Trip Planning
Planning is key. Flexibility is vital. Several refills of coffee are probably essential.

Before you get to the award searching stage a good resource to check whether your plan meets the requirements is the Great Circle Mapper. Here you’ll build your route (just start typing with hyphens between the city / airport codes until you’re back to the start point again) and you’ll be presented with the map and the distance for each sector.

How the Great Circle Mapper site will help you check two key rules for these RTW award tickets

Crucially though as you can see you’ll get the total distance (remember it must be less than 35,000 miles), the total number of flight segments (16 is your limit) and of course the direction of travel between each city pair.

Ok so direction is fairly obvious if you have a pair of eyes and can ascertain left from right, but to be clear for a westbound routing each sector must be between 180o and 359o, while for an eastbound one you’re looking for 000o to 179o. Any leg that falls outside that basic rule may require a re-think.

Don’t be too put off by having to use 3-letter IATA airport codes on the GCmap site as the World Airport Codes website will help you find those if necessary. Most people know New York is JFK or EWR (Newark) and that Los Angeles is LAX, but if you’re struggling to work out what Santorini is this site will quickly tell you (it’s JTR, by the way, and Star Alliance carrier Aegean will help you fly there).

The Wikipedia page for most airports in the world also usually contains this information and the Great Circle Mapper site itself even has a search function.

Machu Picchu.jpg
If it’s on your bucket list you can probably get there via the Star Alliance network. For Machu Picchu (pictured), head to Cusco Airport (CUZ), served by up to 11 Avianca flights per day.

Searching the awards

Here’s where things have improved in the last six months or so – most Star Alliance award flights can now be searched through the Singapore Airlines KrisFlyer online search facility.

SQ OS Flight.jpg
Award flights for most Star Alliance airlines are now searchable through the Singapore Airlines KrisFlyer online portal

It’s not quite as user friendly as the United MileagePlus site, which doesn’t even require a login and allows you to view a whole month of availability on a route in Business Class for example.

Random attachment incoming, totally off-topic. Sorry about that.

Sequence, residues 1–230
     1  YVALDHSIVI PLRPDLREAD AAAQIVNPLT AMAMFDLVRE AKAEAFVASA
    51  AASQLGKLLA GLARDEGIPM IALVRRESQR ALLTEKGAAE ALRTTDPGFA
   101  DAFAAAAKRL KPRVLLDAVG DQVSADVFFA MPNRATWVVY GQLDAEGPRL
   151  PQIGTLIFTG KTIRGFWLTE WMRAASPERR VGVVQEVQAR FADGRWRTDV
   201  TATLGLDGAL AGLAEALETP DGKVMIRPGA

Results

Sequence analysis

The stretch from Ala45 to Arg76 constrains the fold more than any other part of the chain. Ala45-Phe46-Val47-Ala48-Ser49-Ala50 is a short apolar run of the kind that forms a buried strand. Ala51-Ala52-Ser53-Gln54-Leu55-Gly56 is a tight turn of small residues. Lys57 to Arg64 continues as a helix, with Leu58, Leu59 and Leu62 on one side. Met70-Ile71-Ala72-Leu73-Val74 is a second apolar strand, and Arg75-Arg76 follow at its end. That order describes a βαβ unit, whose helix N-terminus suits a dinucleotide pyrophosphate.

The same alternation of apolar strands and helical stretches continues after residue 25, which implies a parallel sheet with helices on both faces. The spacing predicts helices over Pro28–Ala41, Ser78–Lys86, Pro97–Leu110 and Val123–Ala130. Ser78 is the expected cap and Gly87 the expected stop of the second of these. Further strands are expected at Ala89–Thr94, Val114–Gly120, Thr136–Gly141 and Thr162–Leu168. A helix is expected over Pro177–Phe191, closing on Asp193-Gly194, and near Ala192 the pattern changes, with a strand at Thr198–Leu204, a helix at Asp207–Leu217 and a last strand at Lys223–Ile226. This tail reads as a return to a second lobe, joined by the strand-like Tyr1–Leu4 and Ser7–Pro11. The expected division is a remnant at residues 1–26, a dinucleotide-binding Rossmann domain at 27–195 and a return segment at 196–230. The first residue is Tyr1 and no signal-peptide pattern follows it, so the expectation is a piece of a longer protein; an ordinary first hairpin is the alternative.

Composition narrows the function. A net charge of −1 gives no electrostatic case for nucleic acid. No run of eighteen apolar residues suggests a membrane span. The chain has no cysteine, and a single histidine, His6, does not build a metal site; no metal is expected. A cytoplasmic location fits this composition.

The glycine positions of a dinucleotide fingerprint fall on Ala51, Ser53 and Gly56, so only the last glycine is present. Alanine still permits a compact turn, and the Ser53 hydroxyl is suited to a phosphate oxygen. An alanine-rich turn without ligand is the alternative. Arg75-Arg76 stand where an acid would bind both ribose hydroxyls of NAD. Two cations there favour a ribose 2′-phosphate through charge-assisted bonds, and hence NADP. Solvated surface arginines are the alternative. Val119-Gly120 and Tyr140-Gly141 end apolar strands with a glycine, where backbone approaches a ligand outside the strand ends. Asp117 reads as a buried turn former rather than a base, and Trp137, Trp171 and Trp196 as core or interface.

UA Calendar Search
Example of a search using the United site. View whole months at a time with a non-stop only option if you prefer and an easy way to see the dates where Economy Class or Business / First Class awards are available.

You also need to remember the exclusions in the KrisFlyer system. As we noted in our latest update you still can’t search Air India, Asiana, TAP Portugal and most Avianca flights (the latter being several carriers in one). You also can’t search domestic flights in New Zealand, while you can search (but not book) domestic flights in Brazil and Japan.

For these airlines and routings the United MileagePlus site is our recommendation for searching availability.

UA OZ Flight.jpg
Here’s an Asiana flight searched using the United site. This won’t show up on the KrisFlyer site. Remember it’s the ‘Saver’ category in each case where you’ll need availability for an RTW award.

Remember to be flexible – you’ll probably need to be to make a trip like this work in the class required on your selected routings.

For example if your last leg of a round-the-world routing is from Paris to Singapore you would no doubt be looking at a non-stop Singapore Airlines flight. If the only available award seats on the date of your choice however are for Thai Airways via Bangkok, we’d recommend locking that in.

There’s nothing to stop you swapping onto the Singapore Airlines option if it becomes available later, provided your trip hasn’t commenced. In our view it’s not worth procrastinating for a single sector being unavailable on an RTW award, as all the other award availability you have searched is subject to constant change until the booking is made!


Calling KrisFlyer

The moment of reckoning.

At the very end, armed with all the dates and details, it’ll be a long call to the KrisFlyer team at Singapore Airlines to (hopefully) make the booking. Don’t expect that to be a walk in the park – some of the award availability you found may not be visible to the phone agent (especially for Star Alliance airlines if searched on another website), and you may have inadvertently broken one of the many rules like backtracking, maximum stops or distance.

London Payphones (Marco Pekic).jpg
(Photo: Marco Pekic)

Be prepared to be flexible and patient. Most importantly remember what you’re gaining here – a significant miles saving over paying sector-by-sector on such a huge trip.


Everyone’s requirements and priorities on a RTW award are different. In fact we’d dare to say almost no two RTW trips booked with KrisFlyer miles are exactly the same.

Here’s a westbound example in Business Class starting and ending in Singapore with 13 flight segments and 7 stopovers. I didn’t include the distance of each sector but the total distance is well within the limit at 23,846 miles.

Segment Airline Miles Taxes
Singapore – Male SQ 35,000 S$34.00
Male – Istanbul – Vienna TK 47,500 S$395.90
Vienna – Frankfurt – Manchester LH 27,500 S$218.30
Manchester – Houston SQ 65,000 S$360.44
Houston – Los Angeles UA 20,000 S$7.60
Los Angeles – Seoul SQ / OZ 85,000 S$32.60
Seoul – Taipei – Bali BR 43,000 S$72.30
Bali – Singapore SQ 17,500 S$21.40
Total (as individual bookings) 340,500 S$1,142.54
RTW Award 240,000 S$1,142.54
Saving 100,500

Note: Taxes are converted to SGD where necessary at rates on 28th June 2018.

(click to enlarge)

As you can see this itinerary, booked as an RTW award, offers a 30% KrisFlyer miles saving (100,500 miles) over booking the redemptions segment-by-segment.